Best bet might be an archival, acid free India ink. Faber-Castell makes an archival, acid free, India ink marker called "PITT big brush artist pens," probably worth the $2 for something that is not generic and probably has reliable chemistry. They also claim to be waterproof.

I would be willing to test more pieces, anybody want to donate some new rope? Perhaps even cut, tie and mark the pieces. I spent way more time scribbling on ropes that I did testing them. Talk to Clint but I would think three to five samples with and without marks might be a good idea. My gut feel is that the loop test will have less variability and that I should test with a standard carabiner. The loop test is pretty hard on the rope since as the knots tighten, the rope drags over the edge. Since the rope works over the edge, you also have to mark a fairly big section.

Clint- I need a little math lecture, I didn't do any sort of statistical analysis other than to observe that the scatter was big and the sample small. What do you conclude from your analysis?
Brian in SLC

Social climber
Salt Lake City, UT
Dec 14, 2010 - 12:11pm PT
Best bet might be an archival, acid free India ink. Faber-Castell makes an archival, acid free, India ink marker called "PITT big brush artist pens," probably worth the $2 for something that is not generic and probably has reliable chemistry. They also claim to be waterproof.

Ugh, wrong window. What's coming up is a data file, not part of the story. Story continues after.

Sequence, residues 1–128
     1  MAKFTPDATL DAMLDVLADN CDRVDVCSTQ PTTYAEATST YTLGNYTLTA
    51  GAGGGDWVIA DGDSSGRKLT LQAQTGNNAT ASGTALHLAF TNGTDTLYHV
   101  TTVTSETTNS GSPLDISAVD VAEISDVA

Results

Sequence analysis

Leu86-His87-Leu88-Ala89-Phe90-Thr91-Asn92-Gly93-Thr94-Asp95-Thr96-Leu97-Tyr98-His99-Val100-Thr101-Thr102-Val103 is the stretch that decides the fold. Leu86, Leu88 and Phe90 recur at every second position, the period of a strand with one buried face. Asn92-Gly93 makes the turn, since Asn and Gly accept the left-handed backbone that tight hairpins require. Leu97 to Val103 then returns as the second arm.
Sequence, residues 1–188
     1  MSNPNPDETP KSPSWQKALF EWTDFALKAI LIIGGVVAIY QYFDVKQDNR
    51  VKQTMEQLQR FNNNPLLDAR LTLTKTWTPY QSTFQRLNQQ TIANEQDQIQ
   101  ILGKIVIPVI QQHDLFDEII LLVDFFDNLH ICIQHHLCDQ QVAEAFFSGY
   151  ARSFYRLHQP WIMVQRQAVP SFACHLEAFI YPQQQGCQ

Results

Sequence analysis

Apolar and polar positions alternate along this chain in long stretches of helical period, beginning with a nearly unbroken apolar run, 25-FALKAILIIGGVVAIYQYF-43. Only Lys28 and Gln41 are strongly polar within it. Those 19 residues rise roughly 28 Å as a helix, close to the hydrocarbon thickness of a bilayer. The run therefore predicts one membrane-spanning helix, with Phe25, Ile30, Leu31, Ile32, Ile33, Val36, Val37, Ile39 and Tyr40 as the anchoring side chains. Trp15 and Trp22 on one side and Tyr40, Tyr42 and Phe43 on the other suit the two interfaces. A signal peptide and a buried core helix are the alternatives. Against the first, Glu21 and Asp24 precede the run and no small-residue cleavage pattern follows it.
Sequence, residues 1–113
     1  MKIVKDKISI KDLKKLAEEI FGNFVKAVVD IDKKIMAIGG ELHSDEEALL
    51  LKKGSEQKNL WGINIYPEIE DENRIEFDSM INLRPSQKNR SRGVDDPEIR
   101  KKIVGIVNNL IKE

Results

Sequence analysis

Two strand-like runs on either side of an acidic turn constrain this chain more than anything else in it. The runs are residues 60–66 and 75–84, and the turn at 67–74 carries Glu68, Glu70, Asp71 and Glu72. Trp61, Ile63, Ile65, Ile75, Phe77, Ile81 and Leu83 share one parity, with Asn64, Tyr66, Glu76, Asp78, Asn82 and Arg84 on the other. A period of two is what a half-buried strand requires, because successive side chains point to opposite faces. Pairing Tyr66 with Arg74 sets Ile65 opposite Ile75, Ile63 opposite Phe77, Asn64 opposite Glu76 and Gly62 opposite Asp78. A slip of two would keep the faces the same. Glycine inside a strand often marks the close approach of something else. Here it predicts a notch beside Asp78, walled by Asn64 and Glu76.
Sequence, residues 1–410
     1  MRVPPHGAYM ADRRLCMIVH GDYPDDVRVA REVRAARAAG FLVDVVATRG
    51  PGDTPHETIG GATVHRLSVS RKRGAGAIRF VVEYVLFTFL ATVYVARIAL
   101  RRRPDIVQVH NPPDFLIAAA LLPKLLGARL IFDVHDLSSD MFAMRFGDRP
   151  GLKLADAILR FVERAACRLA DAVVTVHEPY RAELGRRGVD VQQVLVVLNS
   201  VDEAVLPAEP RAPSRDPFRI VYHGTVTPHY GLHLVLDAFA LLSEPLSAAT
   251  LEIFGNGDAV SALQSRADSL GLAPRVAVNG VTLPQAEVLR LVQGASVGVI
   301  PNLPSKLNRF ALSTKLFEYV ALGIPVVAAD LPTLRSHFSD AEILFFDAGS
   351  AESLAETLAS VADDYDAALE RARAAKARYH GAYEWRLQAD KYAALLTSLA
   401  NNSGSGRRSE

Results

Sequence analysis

Can recall researching into this awhile back, when it came up on wreck climbing and thereabouts.

Seem to remember that one reason folks couldn't rely on Sharpies, and various other pens, was that they used different solvents as carriers, and, some were worse than others for nylon. Some benign, while some degraded nylon. Same pen, different solvents. Can't recall which were bad, which were ok.

I think there's too much spread in your data to make any solid conclusions, but, its interesting for sure. No surprise that the clove hitches broke at the knots. Probably not much of a surprise that the loops broke at the 1/2" pin. I would think the loop test would have more fidelity for what you're trying to see, as, a clove hitch might have more variation in results just due to using a clove hitch. Big spread in both your control samples in both tests.

What I think would make an interesting test, is, to find a couple of fair sized pins, say, 3 to 4 inch in diameter, to wrap the rope ends around, apply your sharpie (etc) to the middle of the strand, and, pull to failure. In other words, try to eliminate the variability of the hitch and 1/2 radius bend as the weak spots, and, pull to failure the rope with and without marking.